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August 27, 2014

Xamarin to Expand Microsoft's C# Programming Language with $54M Funding Round

The only way to describe Microsoft’s (News - Alert) assessment of the smartphone market is catastrophic. The company completely missed the boat in an industry that shipped close to 300 million units in Q2 of 2014, and unfortunately for Microsoft it only had 2.5 percent of the market share. Android (News - Alert), on the other hand, had 84.7 percent of the market, and iOS managed 11.7 percent, which together made up 96.4 percent. Only time will tell if it will be able to increase the meager 2.5 percent it currently has, but one area in which it can make inroads is with app development.

Xamarin, a company pushing the Microsoft C# programming language to allow developers to code apps for different platforms, has received a $54 million new round of funding to further that goal.

Allowing developers to code applications using Microsoft’s C# programming language could help Microsoft indirectly increase its smartphone presence in the market place. The $54 million Series C round of financing was led by Ignition Partners, Lead Edge Capital, Insight Venture Partners, Floodgate and Charles River Ventures. This brings the total the company has raised so far to $82 million, with $12 million coming from Series A and $16 million in Series B rounds.

According to the Xamarin, the funds will be used to increase its presence in the mobile market which so far has resulted in triple-digit year-over-year revenue growth. The company plans on branching to other countries around the world, including the opening of an office in London later this fall to focus more on the European market as well as possible acquisitions to help the company solve problems for mobile developers.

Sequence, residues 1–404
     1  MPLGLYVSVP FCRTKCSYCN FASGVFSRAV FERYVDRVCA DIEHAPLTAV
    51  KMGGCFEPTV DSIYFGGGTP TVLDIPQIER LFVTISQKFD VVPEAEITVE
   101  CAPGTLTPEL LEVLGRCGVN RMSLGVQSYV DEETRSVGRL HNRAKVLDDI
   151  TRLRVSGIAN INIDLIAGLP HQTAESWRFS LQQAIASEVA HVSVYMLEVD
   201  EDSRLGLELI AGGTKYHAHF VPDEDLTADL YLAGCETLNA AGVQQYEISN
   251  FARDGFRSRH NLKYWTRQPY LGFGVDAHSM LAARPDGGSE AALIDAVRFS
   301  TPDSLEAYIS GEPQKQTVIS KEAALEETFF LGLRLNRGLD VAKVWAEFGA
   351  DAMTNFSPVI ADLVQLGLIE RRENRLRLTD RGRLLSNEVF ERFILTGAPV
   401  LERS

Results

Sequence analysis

Xamarin apps share code across all platforms by targeting iOS, Android, Windows and Mac with a single, shared C# codebase. Developers can use the same language, APIs and data structures on every platform to build interfaces with Xamarin forms and share nearly 100 percent of the code.

This makes Xamarin apps more connected by using NuGet and a choice from over 20,000 existing .NET libraries, or pull in curated SDKs like Microsoft Azure, SAP (News - Alert) and Salesforce from the Xamarin Component Store. Apps can be tested on hundreds of real devices with Xamarin Test Cloud by running automated UI tests for any iOS or Android app across hundreds of real devices in the company’s secure testing facility. Any defects can be detected before the product is launched to market by monitoring performance across device models, OS versions and screen sizes.

“The broad collaboration between Microsoft and Xamarin is targeted at supporting developers interested in extending their applications across multiple devices. With Xamarin, developers combine all of the productivity benefits of C#, Visual Studio 2013 and Windows Azure with the flexibility to quickly build for multiple device targets,” said S. Somasegar (News - Alert), corporate vice president of Microsoft Corporation.

Edited by Alisen Downey

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